ANZAC Day

Dardenelles 1915This afternoon I attended an Anzac Day service at St. Mary’s, Hadleigh to commemorate the Australians and New Zealanders “who served and died in all wars, conflicts, and peacekeeping operations” and “the contribution and suffering of all those who have served.
Originally 25th April every year was to honour the members of the Australian and New Zealand Army Corps (ANZAC) who fought at Gallipoli in the Ottoman Empire during World War I. The Gallipoli Campaign also took the lives of fifteen Hadleigh soldiers which added to the poignancy of the occasion. The idea of the campaign was to capture the Gallipoli Peninsula and  open the way to the Black Sea for the Allied navies. The Allied forces landed at Gallipoli on 25 April, meeting fierce resistance from the Ottoman Army commanded by Mustafa Kemal (later known as Atatürk). What had been planned as a bold strike to knock the Ottomans out of the war quickly became a stalemate, and the campaign dragged on for eight months. At the end of 1915, the Allied forces were evacuated after both sides had suffered heavy casualties and endured great hardships. In 1934, Kemal Atatürk delivered the following words to the first Australians, New Zealanders and British to visit the Gallipoli battlefields.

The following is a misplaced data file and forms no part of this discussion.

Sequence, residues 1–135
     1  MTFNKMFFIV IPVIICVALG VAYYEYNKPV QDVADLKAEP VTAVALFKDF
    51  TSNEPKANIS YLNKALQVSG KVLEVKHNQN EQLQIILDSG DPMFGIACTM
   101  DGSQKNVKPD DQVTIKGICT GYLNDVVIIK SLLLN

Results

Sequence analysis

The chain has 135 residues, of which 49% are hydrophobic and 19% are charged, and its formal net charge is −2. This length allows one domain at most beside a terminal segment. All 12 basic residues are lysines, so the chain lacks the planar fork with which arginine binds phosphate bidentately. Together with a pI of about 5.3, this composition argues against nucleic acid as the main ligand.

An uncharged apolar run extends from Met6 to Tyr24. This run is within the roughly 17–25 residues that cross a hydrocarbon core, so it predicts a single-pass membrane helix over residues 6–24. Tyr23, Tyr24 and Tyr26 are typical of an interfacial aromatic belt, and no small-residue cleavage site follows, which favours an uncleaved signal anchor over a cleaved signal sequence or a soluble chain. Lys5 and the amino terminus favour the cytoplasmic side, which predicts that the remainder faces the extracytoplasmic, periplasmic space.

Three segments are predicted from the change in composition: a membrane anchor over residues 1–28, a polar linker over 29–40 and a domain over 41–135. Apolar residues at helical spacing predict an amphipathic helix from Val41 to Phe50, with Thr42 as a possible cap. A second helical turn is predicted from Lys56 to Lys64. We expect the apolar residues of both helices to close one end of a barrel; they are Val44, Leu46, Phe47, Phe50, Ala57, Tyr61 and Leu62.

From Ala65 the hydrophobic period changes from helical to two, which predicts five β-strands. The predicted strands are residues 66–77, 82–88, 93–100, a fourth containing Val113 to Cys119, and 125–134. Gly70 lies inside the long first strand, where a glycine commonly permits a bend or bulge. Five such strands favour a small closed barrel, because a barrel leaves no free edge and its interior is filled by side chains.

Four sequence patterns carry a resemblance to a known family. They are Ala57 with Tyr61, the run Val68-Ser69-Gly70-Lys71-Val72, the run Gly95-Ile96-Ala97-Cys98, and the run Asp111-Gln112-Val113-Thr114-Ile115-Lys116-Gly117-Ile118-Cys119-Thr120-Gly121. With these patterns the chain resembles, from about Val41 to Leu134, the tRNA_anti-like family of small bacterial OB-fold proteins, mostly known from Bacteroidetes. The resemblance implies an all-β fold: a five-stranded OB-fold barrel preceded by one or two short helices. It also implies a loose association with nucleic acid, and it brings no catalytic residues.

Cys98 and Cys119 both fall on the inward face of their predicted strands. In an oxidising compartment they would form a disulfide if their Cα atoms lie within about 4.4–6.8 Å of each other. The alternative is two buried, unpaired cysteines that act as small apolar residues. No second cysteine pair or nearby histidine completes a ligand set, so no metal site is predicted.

“Those heroes that shed their blood and lost their lives. You are now lying in the soil of a friendly country. Therefore rest in peace. There is no difference between the Johnnies and the Mehmets to us where they lie side by side here in this country of ours. You, the mothers, who sent their sons from far away countries, wipe away your tears. Your sons are now lying in our bosom and are in peace, after having lost their lives on this land they have become our sons as well”.

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